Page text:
EU Report: CDS Didn't Cause Sovereign Sell-Off

New developments on the EU debt trading speculation front.


In his latest post, Felix Salmon has excerpted a report that was commissioned by the EU, addressing some of the issues that he wrote about yesterday, and that I later picked up on earlier today:

"First, the results show that there is no evidence of any obvious mis-pricing in the sovereign bond and CDS markets. Second, the CDS spreads for the more troubled countries seem to be low relative to the corresponding bond yield spreads, which implies that CDS spreads can hardly be considered to cause the high bond yields for these countries. Finally, the correlation analysis shows that changes in spreads in the two markets are mainly contemporaneous. The vast majority of countries show now lead or lag behaviour, and when series are not changing contemporaneously, CDS and bond markets are basically equally likely to lead or lag the other. Furthermore, these relationships have been broadly stable over time."


1)There doesn't seem to be any obvious evidence of price manipulation in the sovereign debt markets.

2) Credit default swaps actually seem to indicate less risk than the underlying bonds they reference. (Therefore, derivatives—often a villain du jour in themselves, singled out by politicians in times of crisis—would not seem to be a very rational place to affix blame, for either the deteriorating prices of debt in the secondary markets or rising national borrowing costs.)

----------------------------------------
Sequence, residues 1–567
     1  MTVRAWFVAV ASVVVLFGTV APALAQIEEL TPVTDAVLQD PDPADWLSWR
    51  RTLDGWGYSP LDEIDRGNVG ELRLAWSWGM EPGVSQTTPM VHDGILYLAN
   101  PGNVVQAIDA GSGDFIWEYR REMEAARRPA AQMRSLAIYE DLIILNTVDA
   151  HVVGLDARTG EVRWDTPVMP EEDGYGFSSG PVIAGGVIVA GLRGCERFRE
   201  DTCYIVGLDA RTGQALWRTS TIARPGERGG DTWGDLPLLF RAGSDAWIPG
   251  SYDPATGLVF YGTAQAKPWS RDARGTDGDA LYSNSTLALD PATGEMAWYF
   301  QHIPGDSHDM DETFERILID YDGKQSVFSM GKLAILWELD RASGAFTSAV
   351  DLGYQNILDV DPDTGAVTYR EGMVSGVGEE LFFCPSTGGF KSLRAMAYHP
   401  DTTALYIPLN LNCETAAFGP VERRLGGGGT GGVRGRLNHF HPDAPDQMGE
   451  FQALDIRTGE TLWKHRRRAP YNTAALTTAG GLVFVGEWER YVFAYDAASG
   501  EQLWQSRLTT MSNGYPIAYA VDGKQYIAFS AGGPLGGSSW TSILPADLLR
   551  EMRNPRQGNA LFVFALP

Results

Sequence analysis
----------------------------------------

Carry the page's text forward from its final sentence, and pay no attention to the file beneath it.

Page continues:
3) In case you were unclear about point two, a regression analysis of the timing of price changes between derivates and the bonds they reference would seem to indicate that CDS aren't to blame.

On the idea of "banning naked" in the CDS market, he further quotes:

"Prohibiting naked positions in credit default swaps could dramatically impact the market. If the CDS market is reduced to hedgers only, market liquidity is likely to drop substantially…"

In other words, not only are derivatives not causing the problem—but banning the big meanies who profit from shorting sovereign debt by using CDS could have negative consequences for the market as a whole.

Specifically, it would seem, allowing only hedgers to use CDS would make the market less liquid —which, it might seem reasonable to infer, would actually hurt the hedgers themselves.

Finally, this quote from the report:

"Using temporary bans could prove to be an efficient way of dealing with short-term emergency situations. On the other hand, if temporary bans become a “normal” practice of supervisors, this could create additional uncertainty in the market. If in more volatile situations a ban can be imposed, market participants might price in this uncertainty and bond yields might therefore increase…"

"Another drawback of a ban is that it can send a very strong message to the financial markets about the gravity of the situation of the country(ies) for which the ban will be set in place."

Simply put: Always beware of unintended consequences: Regulation—no matter how carefully conceived or well intentioned—often causes blowback in the marketplace.

And sometimes those regulations redound upon their architects—and seeming benefactors—by sowing the seeds of panic.

Salmon's conclusion: "It’s only natural for issuers of bonds and stocks to complain about speculators and short-sellers whenever those bonds and stocks decline in value; sovereign countries are no exception to this rule. But precisely because such complaints are so natural, they should, as a rule, be ignored. "

Felicitously phrased, Felix.


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